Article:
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National Continuing Care Residents Association

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Model Standards and Laws

Below is a table of the proposed standards and laws that are now exposed for public scrutiny.  Comments are welcome and can be submitted either through the contact tab above or by e-mail to registrar@naccrau.com.  Click on the square symbol in the lower right corner of the video to display it full screen.

 

These Standards and Model Laws were presented on April 6, 2013 to a group of CCRC residents gathered in Lakeland, FL for the National Continuing Care Residents Association Annual Meeting. The seven minute video introduction will explain the rationale leading to our proposal of these Model Laws.

The spontaneous dialogue after the presentation which can be found following the table of laws will give a measure of how residents view these proposals.  The full presentation that preceded this dialogue (an hour in length), together with the Question and Answer session, plus a spontaneous reaction by the Reverend Bob Nicholson from Seattle can be found below the catalog table that follows this short seven minute video introduction.

Click on the topics below to access content

Proposed Standard Purpose and Rationale Link to Model Law Elaboration (if any)
Governance CCRC provider Boards of Directors should balance the interests of residents with those of other stakeholders, including executives and employees, in keeping with the purpose and well-being of the enterprise and the composition of the Board should reflect this balance. Model CCRC Governance Act Click here for a lively, impromptu discussion among a group of residents on this topic.
Financial Guarantee Residents of CCRCs should have the same financial protection in the event of provider impairment as that which life and annuity insurance policyholders already have.  This requires legislation like that proposed here which is adapted from the insurance precedent. Model Financial Guarantee Act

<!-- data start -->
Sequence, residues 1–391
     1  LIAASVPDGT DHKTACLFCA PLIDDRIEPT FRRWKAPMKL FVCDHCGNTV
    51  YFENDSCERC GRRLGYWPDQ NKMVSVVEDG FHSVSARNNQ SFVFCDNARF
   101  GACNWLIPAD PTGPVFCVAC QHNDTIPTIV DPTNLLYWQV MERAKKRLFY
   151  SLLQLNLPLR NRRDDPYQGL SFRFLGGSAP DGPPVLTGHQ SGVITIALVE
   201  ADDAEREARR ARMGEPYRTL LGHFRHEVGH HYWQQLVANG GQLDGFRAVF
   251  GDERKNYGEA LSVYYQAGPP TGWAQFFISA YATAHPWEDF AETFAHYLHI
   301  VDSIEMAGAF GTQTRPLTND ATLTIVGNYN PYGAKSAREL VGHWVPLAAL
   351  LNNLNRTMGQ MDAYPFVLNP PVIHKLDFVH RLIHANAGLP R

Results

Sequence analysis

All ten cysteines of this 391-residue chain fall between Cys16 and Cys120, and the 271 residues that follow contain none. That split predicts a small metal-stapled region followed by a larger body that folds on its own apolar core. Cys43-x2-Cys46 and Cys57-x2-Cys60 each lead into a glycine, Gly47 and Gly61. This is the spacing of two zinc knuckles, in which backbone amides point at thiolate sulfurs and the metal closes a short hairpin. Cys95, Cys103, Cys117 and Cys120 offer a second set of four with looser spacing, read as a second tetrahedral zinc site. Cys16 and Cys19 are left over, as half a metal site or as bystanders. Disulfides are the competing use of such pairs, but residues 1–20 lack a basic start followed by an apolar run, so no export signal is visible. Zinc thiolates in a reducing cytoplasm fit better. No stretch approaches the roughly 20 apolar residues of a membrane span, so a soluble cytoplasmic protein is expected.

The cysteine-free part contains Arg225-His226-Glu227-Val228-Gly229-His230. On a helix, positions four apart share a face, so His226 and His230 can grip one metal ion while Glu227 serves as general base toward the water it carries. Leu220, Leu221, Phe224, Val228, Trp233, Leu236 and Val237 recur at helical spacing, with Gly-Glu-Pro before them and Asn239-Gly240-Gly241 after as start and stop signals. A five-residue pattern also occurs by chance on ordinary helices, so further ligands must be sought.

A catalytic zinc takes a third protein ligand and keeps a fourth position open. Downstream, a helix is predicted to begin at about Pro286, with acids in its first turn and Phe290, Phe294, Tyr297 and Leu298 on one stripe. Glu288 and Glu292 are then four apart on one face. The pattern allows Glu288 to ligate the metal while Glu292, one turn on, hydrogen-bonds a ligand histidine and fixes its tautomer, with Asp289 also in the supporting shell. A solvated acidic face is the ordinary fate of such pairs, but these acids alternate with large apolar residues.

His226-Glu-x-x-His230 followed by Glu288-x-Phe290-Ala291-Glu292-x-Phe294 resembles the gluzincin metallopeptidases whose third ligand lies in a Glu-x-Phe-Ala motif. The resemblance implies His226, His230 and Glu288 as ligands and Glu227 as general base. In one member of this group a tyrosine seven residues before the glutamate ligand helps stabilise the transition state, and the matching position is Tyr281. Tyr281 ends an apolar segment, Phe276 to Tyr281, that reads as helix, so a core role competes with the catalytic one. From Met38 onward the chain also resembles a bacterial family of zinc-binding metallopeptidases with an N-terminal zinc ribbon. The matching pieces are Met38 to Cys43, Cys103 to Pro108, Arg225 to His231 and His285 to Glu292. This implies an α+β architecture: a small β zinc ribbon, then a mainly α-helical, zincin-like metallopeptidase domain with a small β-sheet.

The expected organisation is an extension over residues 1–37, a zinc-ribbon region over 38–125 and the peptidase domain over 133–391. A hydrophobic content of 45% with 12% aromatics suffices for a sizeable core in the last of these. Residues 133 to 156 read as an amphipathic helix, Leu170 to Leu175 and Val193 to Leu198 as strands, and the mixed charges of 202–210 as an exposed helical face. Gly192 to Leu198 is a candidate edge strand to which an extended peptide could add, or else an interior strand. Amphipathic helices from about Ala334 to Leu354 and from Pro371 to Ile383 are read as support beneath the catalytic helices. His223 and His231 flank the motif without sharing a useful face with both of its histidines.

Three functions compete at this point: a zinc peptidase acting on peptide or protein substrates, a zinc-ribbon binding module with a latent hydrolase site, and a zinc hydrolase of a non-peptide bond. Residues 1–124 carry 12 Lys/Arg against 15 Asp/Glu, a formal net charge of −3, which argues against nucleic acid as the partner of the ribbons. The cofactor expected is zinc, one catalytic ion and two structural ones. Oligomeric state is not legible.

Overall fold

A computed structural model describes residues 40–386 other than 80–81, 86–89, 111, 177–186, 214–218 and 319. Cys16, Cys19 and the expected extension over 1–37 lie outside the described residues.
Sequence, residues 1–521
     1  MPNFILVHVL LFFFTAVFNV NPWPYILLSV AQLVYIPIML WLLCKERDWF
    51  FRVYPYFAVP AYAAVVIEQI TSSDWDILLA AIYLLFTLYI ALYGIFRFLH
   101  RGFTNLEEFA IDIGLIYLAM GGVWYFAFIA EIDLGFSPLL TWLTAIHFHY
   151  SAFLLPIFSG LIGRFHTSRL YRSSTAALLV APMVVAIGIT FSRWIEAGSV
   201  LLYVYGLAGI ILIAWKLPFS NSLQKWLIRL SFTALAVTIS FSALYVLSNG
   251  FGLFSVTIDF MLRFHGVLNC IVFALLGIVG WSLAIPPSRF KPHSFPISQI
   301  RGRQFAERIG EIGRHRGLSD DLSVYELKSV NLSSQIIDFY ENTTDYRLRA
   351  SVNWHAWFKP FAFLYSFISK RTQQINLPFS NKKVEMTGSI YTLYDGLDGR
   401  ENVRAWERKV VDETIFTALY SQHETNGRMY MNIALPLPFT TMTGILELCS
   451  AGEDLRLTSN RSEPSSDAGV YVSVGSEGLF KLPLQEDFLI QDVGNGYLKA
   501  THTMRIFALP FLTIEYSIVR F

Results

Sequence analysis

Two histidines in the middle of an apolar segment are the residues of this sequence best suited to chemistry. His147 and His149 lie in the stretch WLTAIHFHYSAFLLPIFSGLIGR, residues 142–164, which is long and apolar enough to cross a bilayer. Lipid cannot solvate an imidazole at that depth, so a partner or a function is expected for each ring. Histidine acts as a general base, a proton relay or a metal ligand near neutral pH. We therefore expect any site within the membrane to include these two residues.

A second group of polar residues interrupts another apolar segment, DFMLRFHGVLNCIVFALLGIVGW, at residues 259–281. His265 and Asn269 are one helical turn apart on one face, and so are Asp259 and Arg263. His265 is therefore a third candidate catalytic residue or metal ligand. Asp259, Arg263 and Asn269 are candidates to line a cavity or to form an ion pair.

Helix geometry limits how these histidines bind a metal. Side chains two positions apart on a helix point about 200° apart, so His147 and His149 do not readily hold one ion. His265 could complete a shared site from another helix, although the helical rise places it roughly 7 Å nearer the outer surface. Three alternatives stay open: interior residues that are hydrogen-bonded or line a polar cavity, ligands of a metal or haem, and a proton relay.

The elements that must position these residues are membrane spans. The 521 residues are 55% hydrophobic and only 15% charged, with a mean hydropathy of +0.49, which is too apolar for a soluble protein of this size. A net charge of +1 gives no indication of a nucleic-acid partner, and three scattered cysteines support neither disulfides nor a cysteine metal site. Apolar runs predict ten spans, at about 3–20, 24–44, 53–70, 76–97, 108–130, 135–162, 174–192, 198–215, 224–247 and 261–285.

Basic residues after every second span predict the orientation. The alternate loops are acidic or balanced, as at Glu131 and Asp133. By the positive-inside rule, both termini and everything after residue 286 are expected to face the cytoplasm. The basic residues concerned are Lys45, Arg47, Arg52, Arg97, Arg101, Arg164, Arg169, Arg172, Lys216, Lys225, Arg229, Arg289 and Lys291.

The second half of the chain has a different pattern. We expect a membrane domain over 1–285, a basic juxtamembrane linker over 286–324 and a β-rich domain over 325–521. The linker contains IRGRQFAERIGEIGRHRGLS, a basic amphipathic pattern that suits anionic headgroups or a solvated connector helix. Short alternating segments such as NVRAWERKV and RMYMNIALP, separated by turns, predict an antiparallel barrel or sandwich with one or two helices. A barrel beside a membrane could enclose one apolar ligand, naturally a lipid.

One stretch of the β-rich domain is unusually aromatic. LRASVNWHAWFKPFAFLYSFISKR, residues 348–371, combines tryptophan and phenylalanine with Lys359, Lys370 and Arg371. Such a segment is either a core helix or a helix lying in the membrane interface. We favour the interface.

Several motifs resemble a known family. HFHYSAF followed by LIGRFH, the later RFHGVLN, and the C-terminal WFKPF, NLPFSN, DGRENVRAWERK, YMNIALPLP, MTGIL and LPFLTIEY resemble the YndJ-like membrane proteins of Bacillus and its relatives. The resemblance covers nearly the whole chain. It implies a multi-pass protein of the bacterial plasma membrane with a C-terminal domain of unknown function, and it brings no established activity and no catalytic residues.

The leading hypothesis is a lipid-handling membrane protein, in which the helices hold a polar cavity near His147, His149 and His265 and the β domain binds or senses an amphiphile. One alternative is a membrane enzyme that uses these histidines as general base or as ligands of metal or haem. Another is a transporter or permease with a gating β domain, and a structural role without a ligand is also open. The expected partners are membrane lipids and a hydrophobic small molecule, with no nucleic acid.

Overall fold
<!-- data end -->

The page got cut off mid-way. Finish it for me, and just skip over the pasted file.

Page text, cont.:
Financial Responsibility Some contracts leave more of the future financial risk with residents than do others. Entering residents are expected to have sufficient assets (in addition to any Entrance Fees) or other guarantees to ensure that they can pay future provider fees as they come due and that resident asset threshold is higher when providers shift risk to residents.  This standard and model law establishes benchmarks to ensure that entering residents who do not have care-inclusive (Type A) contracts can afford the added risk they thereby assume. Model Financial Responsibility Act  
CCRC Fiduciary Act Residents in CCRCs and participants in Continuing Care at Home (CCAH) programs constitute a class of elderly citizens who are often more vulnerable and gullible than are younger people in the prime of life.  Accordingly, those who serve this class should be held to a high standard of duty and conduct. Model CCRC Fiduciary Act  
Financial Viability and Rehabilitation Act Residents in CCRCs and participants in Continuing Care at Home (CCAH) programs are particularly vulnerable to provider financial impairment and other impacts and should have protections similar to those accorded to insurance company policyholders. This resident protection requires legislation like that proposed here which is adapted from the insurance precedent. Model Financial Viability and Rehabilitation Act  
CCRC Standard Valuation In order for there to be some assurance that funding for deferred services promised to CCRC residents -- in return for current payments including Entrance Fees -- will be there later when needed, it is important that such commitments be valued currently together with projections of expected future income.  For insurance companies analogous valuations are conducted by actuaries.  This standard extends to CCRCs a similar standard for financial integrity.  This requires legislation like that proposed here which is adapted from the insurance precedent. Model CCRC Standard Valuation Act